According to the CDC, about 6% of pregnant women don’t receive any prenatal care prior to giving birth. That works out to be almost 250,000 pregnant women in total.

If you’re pregnant at the moment, you should make it your mission to get the prenatal care you need throughout your pregnancy. Most gynecology services will be able to provide you with prenatal care.

So, what is prenatal care? Well, it’s essentially a series of checkups that take place throughout your pregnancy to see how both you and your baby are doing. This form of women’s health care is very important for both women’s health and the health of their babies.

There are a whole host of benefits that you’ll get to enjoy when you secure the prenatal care services you need during pregnancy. Check out a few of the biggest benefits of prenatal care below so that you’re able to get a better understanding of why you should take advantage of it.

Allows You to Develop a Pregnancy Plan

From the moment you first find out you’re pregnant, it’s going to be important for you to come up with a pregnancy plan. You’ll need to think about things like:

  • Which foods and beverages you’ll need to eliminate from your diet
  • What steps you’ll take to maintain a healthy weight
  • How deep into your pregnancy you’ll continue to work

Creating a pregnancy plan on your own may be very challenging. It’ll be so much easier when you’re getting prenatal care from doctors and nurses you trust. They’ll be able to make the best possible suggestions for you and your baby.

Ensures You’re Taking the Right Prenatal Supplements

There are certain prenatal supplements you’re going to want to take for the sake of your baby’s health. For example, it’ll be important for you to take 400 micrograms of folic acid every day. It’ll help prevent the most common birth defects.

When you seek prenatal care, you’ll be able to discover more about the other supplements you might want to consider taking during your pregnancy. A team of doctors and nurses can recommend the right prenatal supplements to you and even talk to you about where to find them.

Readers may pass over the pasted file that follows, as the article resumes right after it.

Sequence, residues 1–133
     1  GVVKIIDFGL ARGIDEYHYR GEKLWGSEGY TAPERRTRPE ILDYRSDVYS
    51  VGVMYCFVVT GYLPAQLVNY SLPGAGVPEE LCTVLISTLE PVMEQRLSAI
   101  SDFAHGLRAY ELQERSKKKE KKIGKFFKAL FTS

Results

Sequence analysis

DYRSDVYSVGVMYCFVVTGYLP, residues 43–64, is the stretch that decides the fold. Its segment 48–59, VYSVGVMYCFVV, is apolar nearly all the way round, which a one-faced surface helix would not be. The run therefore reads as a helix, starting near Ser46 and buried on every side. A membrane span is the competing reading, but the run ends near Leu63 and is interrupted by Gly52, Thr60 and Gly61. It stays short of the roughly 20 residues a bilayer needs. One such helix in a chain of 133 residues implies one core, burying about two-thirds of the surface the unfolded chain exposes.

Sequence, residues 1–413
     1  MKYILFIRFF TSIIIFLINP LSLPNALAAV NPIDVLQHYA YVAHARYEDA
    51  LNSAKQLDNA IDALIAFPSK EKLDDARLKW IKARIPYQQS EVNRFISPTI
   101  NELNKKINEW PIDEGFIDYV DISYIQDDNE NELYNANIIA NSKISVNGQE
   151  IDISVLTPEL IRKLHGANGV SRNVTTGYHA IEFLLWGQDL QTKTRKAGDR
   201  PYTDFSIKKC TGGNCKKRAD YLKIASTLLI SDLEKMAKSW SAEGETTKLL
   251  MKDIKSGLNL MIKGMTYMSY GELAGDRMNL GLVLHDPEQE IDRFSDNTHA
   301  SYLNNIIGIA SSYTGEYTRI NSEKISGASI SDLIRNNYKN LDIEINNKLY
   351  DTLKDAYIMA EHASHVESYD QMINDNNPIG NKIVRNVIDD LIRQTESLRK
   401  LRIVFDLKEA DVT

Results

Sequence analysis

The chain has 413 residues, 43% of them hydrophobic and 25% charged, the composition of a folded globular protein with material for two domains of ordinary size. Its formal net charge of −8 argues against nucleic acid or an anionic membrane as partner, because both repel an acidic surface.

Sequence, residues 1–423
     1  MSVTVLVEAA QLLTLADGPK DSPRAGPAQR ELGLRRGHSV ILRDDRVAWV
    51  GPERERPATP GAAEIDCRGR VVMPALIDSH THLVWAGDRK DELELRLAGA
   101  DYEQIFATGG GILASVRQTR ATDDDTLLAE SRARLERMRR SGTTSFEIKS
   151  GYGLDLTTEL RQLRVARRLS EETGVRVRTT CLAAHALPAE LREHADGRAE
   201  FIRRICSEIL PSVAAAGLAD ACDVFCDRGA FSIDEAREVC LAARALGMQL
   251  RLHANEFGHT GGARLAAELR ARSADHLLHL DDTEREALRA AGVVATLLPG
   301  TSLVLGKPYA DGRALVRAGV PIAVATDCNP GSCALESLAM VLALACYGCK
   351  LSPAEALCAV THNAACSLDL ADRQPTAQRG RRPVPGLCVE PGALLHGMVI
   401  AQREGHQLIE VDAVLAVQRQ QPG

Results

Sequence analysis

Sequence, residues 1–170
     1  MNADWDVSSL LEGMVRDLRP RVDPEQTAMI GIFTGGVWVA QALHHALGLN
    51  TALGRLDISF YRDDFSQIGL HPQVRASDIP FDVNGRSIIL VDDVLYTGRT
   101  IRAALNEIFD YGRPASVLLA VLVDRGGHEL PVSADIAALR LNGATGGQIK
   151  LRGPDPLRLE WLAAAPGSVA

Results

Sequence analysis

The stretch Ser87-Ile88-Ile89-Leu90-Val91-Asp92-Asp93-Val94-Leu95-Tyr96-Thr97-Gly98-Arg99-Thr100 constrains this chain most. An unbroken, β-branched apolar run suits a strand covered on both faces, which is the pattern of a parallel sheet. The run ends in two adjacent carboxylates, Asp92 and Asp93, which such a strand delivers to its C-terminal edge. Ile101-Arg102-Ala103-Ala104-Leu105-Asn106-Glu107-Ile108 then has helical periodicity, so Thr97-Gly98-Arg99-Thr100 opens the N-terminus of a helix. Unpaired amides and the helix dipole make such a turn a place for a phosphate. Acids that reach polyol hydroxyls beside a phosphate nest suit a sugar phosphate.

Helps You Take Control of Any Preexisting Health Conditions

If you currently suffer from diabetes, high blood pressure, or any other health conditions, it’s going to be extra important for you to receive prenatal care. Doctors and nurses will be able to help you take better control of these conditions so that they don’t affect you or your baby when you’re pregnant.

They’ll also be able to tell you whether or not you can continue to take certain prescription medications that you might be on at this time. There are many different medicines that could prove to be risky when you’re pregnant.

Reduces the Risk of Any Pregnancy Complications

Ideally, you’re going to want your entire pregnancy to go as smoothly as possible. The last thing you want is to be put on bed rest when you’re pregnant or to need to have your baby induced ahead of schedule.

There are some instances in which these kinds of complications can’t be avoided. But you can reduce the risk of any pregnancy complications by getting the proper prenatal care from a facility that specializes in providing women’s health care.

Monitors Your Baby’s Health Throughout Your Pregnancy

The doctors and nurses who provide you with prenatal care will obviously be worried about more than just your health. They’re also going to pay close attention to the health of your baby throughout your pregnancy.

During prenatal care, you’ll often have ultrasounds done so that doctors and nurses can monitor your baby’s health and the growth they experience over time. They’ll also listen to your baby’s heartbeat to make sure it sounds okay.

You’ll be amazed to see how much doctors and nurses are able to learn about your baby’s health from the outside. It’ll provide you with peace of mind and give you a chance to make lifestyle changes if doctors and nurses sense any potential issues that could be going on.

Prepares You for the Physical and Mental Impact of Pregnancy

Being pregnant can be very taxing on both your body and mind. You’re going to have all kinds of aches and pains that you’ll have to deal with on a daily basis. You might also find that your hormones may cause mental health problems during your pregnancy.

The doctors and nurses that extend prenatal care to you will be able to help prepare you for some of the physical and mental effects of pregnancy. They’ll also be able to come up with solutions for any pregnancy problems you might face.

Gives You Easy Access to Postnatal Care

Pre- and post-natal care will both be important for you and your baby. By seeking prenatal care, you’ll also be able to find a place that can give you access to postnatal care once you give birth.

You’ll be able to transition seamlessly from prenatal care to postnatal care when you have the right gynecology service on your side. It’ll increase the chances of you and your baby enjoying a better experience overall both when you’re pregnant and during the first few weeks of your baby’s life.

Contact Us for All Your Prenatal Care Needs

Are you trying to get pregnant right now or did you recently find out that you’re pregnant? Women’s Health of Augusta can set you up with the prenatal care services you need.

We’ve been helping women deliver babies at University Hospital and Trinity Hospital since the 1970s. You can trust us to assist you throughout your pregnancy journey by providing you with all the benefits listed here.

Get in touch with us now to speak with someone about your prenatal care needs. We also offer a wide range of other gynecological services at our facility.